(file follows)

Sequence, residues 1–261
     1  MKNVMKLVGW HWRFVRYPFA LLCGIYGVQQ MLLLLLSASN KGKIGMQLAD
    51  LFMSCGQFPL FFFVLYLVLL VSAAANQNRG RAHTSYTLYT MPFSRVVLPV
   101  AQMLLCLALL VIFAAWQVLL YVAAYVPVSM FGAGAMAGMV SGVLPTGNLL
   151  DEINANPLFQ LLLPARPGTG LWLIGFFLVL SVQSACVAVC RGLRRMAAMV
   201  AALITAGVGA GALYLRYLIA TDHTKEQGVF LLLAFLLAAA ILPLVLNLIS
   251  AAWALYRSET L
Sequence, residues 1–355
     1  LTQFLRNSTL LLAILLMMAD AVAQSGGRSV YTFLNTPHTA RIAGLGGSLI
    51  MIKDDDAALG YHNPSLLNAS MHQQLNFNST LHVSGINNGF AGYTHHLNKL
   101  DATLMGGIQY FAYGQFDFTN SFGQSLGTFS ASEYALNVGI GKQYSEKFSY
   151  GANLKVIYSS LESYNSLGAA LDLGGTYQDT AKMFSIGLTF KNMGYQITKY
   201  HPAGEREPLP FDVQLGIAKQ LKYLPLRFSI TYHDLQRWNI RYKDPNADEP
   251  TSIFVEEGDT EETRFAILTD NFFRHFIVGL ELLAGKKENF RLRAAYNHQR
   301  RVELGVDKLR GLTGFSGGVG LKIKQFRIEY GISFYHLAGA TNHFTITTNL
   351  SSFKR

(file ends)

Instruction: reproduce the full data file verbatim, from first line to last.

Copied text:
Sequence, residues 1–261
     1  MKNVMKLVGW HWRFVRYPFA LLCGIYGVQQ MLLLLLSASN KGKIGMQLAD
    51  LFMSCGQFPL FFFVLYLVLL VSAAANQNRG RAHTSYTLYT MPFSRVVLPV
   101  AQMLLCLALL VIFAAWQVLL YVAAYVPVSM FGAGAMAGMV SGVLPTGNLL
   151  DEINANPLFQ LLLPARPGTG LWLIGFFLVL SVQSACVAVC RGLRRMAAMV
   201  AALITAGVGA GALYLRYLIA TDHTKEQGVF LLLAFLLAAA ILPLVLNLIS
   251  AAWALYRSET L
Sequence, residues 1–355
     1  LTQFLRNSTL LLAILLMMAD AVAQSGGRSV YTFLNTPHTA RIAGLGGSLI
    51  MIKDDDAALG YHNPSLLNAS MHQQLNFNST LHVSGINNGF AGYTHHLNKL
   101  DATLMGGIQY FAYGQFDFTN SFGQSLGTFS ASEYALNVGI GKQYSEKFSY
   151  GANLKVIYSS LESYNSLGAA LDLGGTYQDT AKMFSIGLTF KNMGYQITKY
   201  HPAGEREPLP FDVQLGIAKQ LKYLPLRFSI TYHDLQRWNI RYKDPNADEP
   251  TSIFVEEGDT EETRFAILTD NFFRHFIVGL ELLAGKKENF RLRAAYNHQR
   301  RVELGVDKLR GLTGFSGGVG LKIKQFRIEY GISFYHLAGA TNHFTITTNL
   351  SSFKR